CEREBRAL TOXOPLASMOSIS: REVIEW ARTICLE
Enas Yahia Abu-Sarea Mohamed
Parasitology Department, Faculty of Medicine, Beni Suief University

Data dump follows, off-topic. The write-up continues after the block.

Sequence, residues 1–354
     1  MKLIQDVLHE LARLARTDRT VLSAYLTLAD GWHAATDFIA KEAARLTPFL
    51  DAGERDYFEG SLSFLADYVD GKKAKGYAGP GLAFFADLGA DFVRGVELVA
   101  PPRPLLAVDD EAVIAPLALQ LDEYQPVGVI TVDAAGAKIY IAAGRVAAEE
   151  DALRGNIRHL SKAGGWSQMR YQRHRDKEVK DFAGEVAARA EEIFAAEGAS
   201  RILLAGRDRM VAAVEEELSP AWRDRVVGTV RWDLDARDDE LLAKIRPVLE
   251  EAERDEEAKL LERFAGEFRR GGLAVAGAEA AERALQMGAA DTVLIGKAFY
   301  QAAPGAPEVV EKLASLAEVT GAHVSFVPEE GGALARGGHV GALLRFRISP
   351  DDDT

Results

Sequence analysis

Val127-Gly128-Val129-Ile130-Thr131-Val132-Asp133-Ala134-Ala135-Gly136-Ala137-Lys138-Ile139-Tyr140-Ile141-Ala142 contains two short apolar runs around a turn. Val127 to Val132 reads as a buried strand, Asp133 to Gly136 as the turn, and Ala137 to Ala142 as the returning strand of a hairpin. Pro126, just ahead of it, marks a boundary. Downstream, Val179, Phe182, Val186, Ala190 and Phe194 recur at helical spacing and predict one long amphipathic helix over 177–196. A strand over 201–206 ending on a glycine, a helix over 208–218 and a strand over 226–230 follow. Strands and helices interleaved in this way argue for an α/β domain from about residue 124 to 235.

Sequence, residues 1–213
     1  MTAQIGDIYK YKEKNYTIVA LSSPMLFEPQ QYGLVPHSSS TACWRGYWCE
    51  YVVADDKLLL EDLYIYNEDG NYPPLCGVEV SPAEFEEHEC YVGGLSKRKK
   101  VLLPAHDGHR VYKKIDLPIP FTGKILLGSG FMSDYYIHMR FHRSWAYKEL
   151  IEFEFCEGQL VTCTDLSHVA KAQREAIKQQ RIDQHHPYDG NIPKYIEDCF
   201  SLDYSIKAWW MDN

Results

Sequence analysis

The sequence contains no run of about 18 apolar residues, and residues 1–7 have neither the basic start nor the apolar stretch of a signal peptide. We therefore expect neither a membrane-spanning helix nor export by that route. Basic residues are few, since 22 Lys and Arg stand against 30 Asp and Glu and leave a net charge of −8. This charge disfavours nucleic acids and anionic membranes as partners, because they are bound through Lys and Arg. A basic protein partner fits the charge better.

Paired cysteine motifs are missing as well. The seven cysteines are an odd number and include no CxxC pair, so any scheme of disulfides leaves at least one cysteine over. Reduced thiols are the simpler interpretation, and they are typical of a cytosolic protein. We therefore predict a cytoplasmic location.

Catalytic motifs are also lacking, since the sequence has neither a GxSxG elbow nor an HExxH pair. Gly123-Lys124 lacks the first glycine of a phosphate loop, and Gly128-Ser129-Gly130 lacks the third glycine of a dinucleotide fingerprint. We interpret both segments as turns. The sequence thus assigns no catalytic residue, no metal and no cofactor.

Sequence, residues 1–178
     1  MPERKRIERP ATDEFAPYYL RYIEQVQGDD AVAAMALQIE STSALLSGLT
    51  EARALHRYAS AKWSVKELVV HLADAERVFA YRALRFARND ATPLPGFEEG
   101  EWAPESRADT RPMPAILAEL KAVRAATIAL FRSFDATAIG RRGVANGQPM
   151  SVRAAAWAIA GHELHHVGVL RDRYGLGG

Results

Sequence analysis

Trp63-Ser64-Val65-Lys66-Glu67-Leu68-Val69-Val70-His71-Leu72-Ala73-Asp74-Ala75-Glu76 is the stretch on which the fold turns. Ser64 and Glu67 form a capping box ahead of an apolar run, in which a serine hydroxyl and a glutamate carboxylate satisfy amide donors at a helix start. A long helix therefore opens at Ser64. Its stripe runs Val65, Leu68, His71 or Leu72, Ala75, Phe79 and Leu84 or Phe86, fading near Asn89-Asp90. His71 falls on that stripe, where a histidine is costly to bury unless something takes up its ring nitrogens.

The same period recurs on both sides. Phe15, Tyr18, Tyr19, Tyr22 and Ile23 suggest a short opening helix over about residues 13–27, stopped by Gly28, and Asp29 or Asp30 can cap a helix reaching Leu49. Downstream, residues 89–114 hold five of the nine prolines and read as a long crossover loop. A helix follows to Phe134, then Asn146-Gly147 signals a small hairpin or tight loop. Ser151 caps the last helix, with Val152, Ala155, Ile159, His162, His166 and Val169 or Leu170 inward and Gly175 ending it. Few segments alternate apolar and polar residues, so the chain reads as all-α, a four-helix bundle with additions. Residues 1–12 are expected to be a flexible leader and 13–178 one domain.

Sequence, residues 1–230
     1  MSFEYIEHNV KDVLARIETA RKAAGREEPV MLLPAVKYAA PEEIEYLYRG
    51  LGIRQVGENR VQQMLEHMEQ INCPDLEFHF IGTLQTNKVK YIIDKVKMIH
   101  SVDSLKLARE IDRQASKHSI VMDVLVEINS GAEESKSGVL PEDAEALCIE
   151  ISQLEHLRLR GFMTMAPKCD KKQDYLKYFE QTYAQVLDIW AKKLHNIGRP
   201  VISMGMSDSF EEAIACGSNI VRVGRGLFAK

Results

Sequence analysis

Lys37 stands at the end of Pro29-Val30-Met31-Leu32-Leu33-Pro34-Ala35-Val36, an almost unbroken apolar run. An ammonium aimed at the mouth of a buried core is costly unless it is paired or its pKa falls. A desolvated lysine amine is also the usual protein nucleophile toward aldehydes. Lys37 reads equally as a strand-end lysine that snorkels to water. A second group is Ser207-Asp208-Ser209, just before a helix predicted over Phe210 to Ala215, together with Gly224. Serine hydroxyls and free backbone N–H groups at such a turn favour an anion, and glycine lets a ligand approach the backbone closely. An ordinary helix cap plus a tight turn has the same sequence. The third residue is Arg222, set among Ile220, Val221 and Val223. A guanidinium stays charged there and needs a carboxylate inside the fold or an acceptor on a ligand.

Toxoplasmosis is a parasitic disease caused by Toxoplasma gondii, an intracellular protozoan. Cerebral toxoplasmosis remains a prevalent disorder of the central nervous system; particularly among severely immunodeficient patients and neonatal affection with primary infection during pregnancy. The pathogenic mechanisms of nervous system involvement include necrosis of individual cells, delayed hypersensitivity, antigen-antibody reaction and infarction. The clinical picture of the disease can be divided into congenital and acquired infections. Timing of maternal infection plays a critical role in transmission of the parasite and in fetal outcome. In immunodeficient patients such as AIDS, reactivation of latent infection results more frequently in cerebral toxoplasmosis and is a life-threatening condition if lifted without diagnosis and treatment. Diagnosis of cerebral toxoplasmosis is based mainly on clinical and radiological features which must be differentiated from other infectious diseases in congenital infection and from multiple brain lesions in AIDS patients. The treatment of Toxoplasma encephalitis, meningoencephalitis and multiple brain lesions is almost exclusively medical. Surgical treatment is reserved for the patients harbouring single or double focal brain lesions associated with mass effect.